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Cordero spent more time taking photos in Super Mario Odyssey than it took him to complete the game due to the meticulous way in which he approaches every shot. This meant scouting out every area at least twice, making note of interesting spots as well as those that could be made interesting by introducing an item or enemy. During this time, he realised that some characters react differently depending on which outfit Mario is wearing. The zombie costume, for instance, evokes looks of worry and fear from other characters, which helped him get a shot of Cappy eyeing Mario in distress from the background.

“It was all a matter of exploring every different approach and trying to find the best angle for it to have a good composition, nice colours, a clean or interesting background and to have as little distractions as possible,” he continued. “This included sometimes collecting all the coins or taking care of all the enemies in an area so they’re not in the background of the shot. And of course, a lot of trial and error with the timing on the poses or jumps to get the perfect shot.”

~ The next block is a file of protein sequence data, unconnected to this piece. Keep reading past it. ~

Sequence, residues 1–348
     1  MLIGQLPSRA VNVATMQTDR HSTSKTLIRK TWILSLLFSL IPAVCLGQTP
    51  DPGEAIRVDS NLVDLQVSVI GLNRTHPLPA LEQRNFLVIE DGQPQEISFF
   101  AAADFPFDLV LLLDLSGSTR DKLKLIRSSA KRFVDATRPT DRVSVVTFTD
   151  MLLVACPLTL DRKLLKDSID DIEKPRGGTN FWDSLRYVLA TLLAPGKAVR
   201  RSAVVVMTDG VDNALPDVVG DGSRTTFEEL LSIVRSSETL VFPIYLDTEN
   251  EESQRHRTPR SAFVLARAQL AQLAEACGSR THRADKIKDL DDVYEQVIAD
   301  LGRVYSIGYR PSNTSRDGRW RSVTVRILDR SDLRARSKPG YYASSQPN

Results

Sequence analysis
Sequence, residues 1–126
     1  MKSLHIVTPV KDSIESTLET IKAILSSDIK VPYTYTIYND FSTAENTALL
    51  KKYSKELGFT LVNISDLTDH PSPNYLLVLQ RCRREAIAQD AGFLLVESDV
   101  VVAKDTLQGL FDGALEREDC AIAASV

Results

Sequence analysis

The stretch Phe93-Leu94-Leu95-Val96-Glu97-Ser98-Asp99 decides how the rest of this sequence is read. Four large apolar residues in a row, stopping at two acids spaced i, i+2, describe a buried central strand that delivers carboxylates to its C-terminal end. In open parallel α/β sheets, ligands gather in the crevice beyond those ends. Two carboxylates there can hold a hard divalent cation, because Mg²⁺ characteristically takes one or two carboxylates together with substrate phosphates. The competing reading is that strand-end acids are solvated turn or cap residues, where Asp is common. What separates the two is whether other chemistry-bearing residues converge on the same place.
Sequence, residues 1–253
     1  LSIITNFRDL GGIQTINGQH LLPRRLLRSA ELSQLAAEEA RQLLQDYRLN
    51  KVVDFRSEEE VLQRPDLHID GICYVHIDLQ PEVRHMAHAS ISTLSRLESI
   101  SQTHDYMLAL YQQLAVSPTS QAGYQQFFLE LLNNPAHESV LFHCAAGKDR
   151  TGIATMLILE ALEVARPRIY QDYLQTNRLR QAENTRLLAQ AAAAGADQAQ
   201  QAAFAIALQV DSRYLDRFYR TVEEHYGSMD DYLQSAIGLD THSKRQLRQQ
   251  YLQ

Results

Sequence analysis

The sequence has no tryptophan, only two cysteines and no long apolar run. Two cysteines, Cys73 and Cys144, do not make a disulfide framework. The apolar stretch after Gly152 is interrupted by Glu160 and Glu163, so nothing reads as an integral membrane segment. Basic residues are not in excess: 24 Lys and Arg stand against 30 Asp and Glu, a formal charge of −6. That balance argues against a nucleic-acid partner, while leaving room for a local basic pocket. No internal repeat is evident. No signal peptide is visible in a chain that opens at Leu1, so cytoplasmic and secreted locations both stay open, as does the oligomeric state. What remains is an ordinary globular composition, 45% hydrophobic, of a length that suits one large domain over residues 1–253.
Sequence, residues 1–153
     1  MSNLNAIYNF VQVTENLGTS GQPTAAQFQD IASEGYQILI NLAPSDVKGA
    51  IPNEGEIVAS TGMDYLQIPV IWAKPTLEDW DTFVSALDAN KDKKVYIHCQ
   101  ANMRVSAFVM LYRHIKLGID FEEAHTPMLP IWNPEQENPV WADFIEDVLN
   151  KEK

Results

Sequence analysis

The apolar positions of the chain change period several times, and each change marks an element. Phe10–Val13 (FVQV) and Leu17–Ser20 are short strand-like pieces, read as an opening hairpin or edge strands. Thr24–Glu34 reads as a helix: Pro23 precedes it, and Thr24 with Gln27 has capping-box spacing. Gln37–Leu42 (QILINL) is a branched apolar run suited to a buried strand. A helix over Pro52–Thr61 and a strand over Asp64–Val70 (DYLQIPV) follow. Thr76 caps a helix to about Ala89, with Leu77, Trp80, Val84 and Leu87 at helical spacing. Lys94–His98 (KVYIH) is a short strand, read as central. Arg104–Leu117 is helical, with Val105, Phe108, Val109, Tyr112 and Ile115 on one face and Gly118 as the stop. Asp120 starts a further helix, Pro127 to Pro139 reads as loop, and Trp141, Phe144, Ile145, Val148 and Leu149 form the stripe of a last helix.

ImageDaniel Cordero)” loading=”lazy” > A collage of four Cordero photos, two taken in the game, two taken in the outside world. (Photo: Daniel Cordero)

Some of these shots are unconventional and evoke some of the more artsy photos he’s taken of real-world subjects. “I like to think they are a little bit more close to the kind of photography I do in real life, where I’m very influenced by surrealism, juxtaposition of elements, and a sense of mystic wonder or adventure,” Cordero said. “In real life, I have a more precise way of directing the emotion out of the subjects or for them to adopt expressions or actions. In Super Mario Odyssey, I had to do with what I had. Its snapshot mode is incredibly robust, but I still wish I could choose the poses, movements, and expressions of the characters even more.”

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It wasn’t just that rabbit in the Lost World that was hard to frame. Other wildlife, like the squirrels in the Mushroom Kingdom and the butterflies in Lost Kingdom, were tricky too. The former are so fast, Cordero found, that a lot of people didn’t even know they were in Super Mario Odyssey. The latter aren’t even 3D models but 2D textures that shift and disappear on a loop. Successfully photographing the butterflies involved finding a group that remained visible longer than the others and figuring out an angle that would capture as many of the insects as possible. From there, it was just a matter of trial and error—a common theme in Cordero’s process—to get the shot he wanted.